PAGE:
Detroit's White-Collar Slump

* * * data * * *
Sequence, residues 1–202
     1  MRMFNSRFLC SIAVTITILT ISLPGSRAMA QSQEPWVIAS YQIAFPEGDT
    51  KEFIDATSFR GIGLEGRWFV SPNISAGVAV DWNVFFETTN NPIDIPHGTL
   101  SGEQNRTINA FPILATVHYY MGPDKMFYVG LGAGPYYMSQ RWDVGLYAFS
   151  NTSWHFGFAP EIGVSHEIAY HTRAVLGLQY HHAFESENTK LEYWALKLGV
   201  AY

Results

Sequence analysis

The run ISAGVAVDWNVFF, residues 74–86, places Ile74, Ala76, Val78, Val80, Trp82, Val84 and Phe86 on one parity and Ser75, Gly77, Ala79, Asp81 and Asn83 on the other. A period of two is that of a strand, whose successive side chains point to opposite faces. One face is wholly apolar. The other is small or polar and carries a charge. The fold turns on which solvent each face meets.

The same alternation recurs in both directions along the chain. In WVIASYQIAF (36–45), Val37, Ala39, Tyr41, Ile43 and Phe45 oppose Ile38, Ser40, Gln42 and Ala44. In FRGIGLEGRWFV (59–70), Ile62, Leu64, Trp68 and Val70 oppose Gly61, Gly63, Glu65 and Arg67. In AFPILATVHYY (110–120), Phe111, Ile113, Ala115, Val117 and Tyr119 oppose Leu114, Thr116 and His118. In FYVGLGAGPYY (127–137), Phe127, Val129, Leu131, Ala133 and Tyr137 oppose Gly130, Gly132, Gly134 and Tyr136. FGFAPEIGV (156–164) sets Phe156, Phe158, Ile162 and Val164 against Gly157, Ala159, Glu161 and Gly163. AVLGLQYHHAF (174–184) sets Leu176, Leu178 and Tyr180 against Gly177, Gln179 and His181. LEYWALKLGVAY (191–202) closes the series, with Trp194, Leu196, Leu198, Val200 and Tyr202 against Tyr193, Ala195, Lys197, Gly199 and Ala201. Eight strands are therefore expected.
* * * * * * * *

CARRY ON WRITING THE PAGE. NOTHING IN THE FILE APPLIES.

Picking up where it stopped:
When assembly-line jobs with Detroit automakers began to decline, Michigan tried to offset them by adding "knowledge" workers to its economy. But in recent years, the Big Three have aggressively cut these jobs, too—30,000 white-collar positions from their North American offices, almost all in Michigan, vanished between the end of 2006 and June. The state's unemployment rate is now 15.2%. While these midcareer professionals are doing OK thanks to generous severance packages, many feel stuck, unable to find jobs in Michigan, but unwilling to pack up their families and move somewhere else. Labor-market economists say these skilled workers' specialized expertise, highly valued in their former posts, is a tough sell anywhere else. "Even if you tell people you'll work for free," says an ex-Chrysler employee with a new consulting business, many companies "don't even want to talk to you."